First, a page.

'Nobody cares' - workers laid off by meat row face poverty as they wait for dole payments
Taoiseach Leo Varadkar and his ministers are wrapped up in the potential fallout from Brexit on thousands of jobs in the agri-food industry.
But the meat sector is already in the grip of a crisis caused by farmers' blockades of factories in a battle for better prices, leaving thousands of low-paid employees out of work.
Nobody seems to know exactly how many have been laid off from a total processing workforce of around 10,000.
Siptu alone estimates around 3,000 of its members are affected. And it is unclear how many are at risk of destitution over the impasse concerning beef prices because they may not have enough contributions to qualify for the dole.
Siptu industrial organiser for agri-food and drinks, Terry Bryan, said a separate desk had been set up with the sign "meat factory inquiries' at the Waterford city social welfare office to cope with the growing volume of claims.
He brought a couple of Brazilian workers to the office that copes with a district encompassing Dawn Meats, Slaney Foods and ABP earlier in the week. A nearby burger plant was one of the biggest in Europe, he said, and a major supplier for McDonald's.
"The Government needs to wake up and realise the extent of what's going on," he said.
"There are over 3,000 out of work now. We have a real crisis in the agri-food sector and other than [Agriculture Minister Michael] Creed, none of the other ministers have said anything about it. He is doing his best."
Up to now, the factories had kept their staff going by giving them a day here and there training and cleaning as the work dried up, but the options are running out.
Latvian Jurijs Belousovs (41), a father-of-two who works in the abattoir at Slaney Foods in Bunclody, has been laid off three times since early August.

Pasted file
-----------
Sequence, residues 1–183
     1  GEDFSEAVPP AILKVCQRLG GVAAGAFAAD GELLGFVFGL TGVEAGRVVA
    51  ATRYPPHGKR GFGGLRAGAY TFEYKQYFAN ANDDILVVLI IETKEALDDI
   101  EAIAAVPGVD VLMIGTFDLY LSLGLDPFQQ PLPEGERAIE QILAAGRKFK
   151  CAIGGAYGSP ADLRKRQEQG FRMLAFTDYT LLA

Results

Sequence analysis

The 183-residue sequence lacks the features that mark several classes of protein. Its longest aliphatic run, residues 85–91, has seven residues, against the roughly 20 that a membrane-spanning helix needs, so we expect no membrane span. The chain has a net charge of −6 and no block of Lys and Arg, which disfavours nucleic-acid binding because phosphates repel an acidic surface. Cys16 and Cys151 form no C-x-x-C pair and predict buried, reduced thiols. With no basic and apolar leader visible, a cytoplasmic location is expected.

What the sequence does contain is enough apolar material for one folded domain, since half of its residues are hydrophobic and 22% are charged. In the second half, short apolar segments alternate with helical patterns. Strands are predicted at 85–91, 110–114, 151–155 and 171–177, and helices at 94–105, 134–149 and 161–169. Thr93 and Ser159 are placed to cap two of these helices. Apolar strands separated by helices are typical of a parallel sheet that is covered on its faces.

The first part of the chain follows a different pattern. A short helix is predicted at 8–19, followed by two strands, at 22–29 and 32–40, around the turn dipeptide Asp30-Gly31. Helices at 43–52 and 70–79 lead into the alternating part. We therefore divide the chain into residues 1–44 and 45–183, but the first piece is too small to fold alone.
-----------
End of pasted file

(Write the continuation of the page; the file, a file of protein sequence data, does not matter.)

He said at first workers didn't know what was going on when the farmers turned up to protest, and they were largely ignored until they began blocking the roads to stop lorries and cattle going in.
It is a cosmopolitan workforce with staff from Latvia, and Brazil as well as Irish, Ukrainian and a few Chinese workers.
"Most of the workforce would be non-national," he said. "Most work in the boning halls and loading bay.
"Last week there was no work at all. This week we are not working and the supervisor said we may not be in again until next Wednesday."
Publicly, those workers who have spoken so far have been behind the farmers, but that is not always the case when they speak freely behind doors.
"Some people are mad with the farmers," Mr Belousovs said. "As long as they are not back to work, they have to find someone who is guilty. Some are OK with them, and some support them. It's mixed - I'd say it's 50/50.
"I support them although it's affecting us and I have a mortgage and we all have to pay our bills and everybody is struggling for money now.
"But that's if what they say is true and they have lost so much for the value of their cattle."
Mr Belousovs said waiting for social welfare had taken ages and he finally got €230 yesterday for last week, but his payment was not backdated to when he was first laid off: "It's back-to-school time and we spent a lot of money on that. If it's going on for one more month, 100pc I'll have an issue with my mortgage."
He described a bleak existence for colleagues who hadn't received any welfare payments yet and were waiting at home in Bunclody or Enniscorthy without the means to pay for a taxi, or even a bus.
Some had no English, he said, and had to pay rent and send money back to their families in Brazil.
"It is my feeling that nobody cares about that and we are more affected than farmers," he said.
The Employment Affairs and Social Protection Department gave some hope yesterday that all workers might get some assistance, but it is unclear if it will be enough to live on.
In a statement, it said all meat-processing workers affected by the dispute were advised to make a claim for a jobseeker's payment. It said arrangements had been made to take claims from individuals laid off as a result of the dispute and some had been received and were being processed.
"Each claim is decided in light of the facts of the situation and the circumstances of each individual," it said.
The department said supports under a supplementary welfare allowance scheme may also be available to those who do not qualify for a jobseeker's payment.
Those who do not have enough PRSI contributions, can apply for Jobseeker's Allowance but have to satisfy a residency and means test.
The department said in the absence of entitlement to jobseeker's allowance, supports may also be available under the supplementary welfare allowance scheme.
For Stories Like This and More
Download the Free Farming Independent App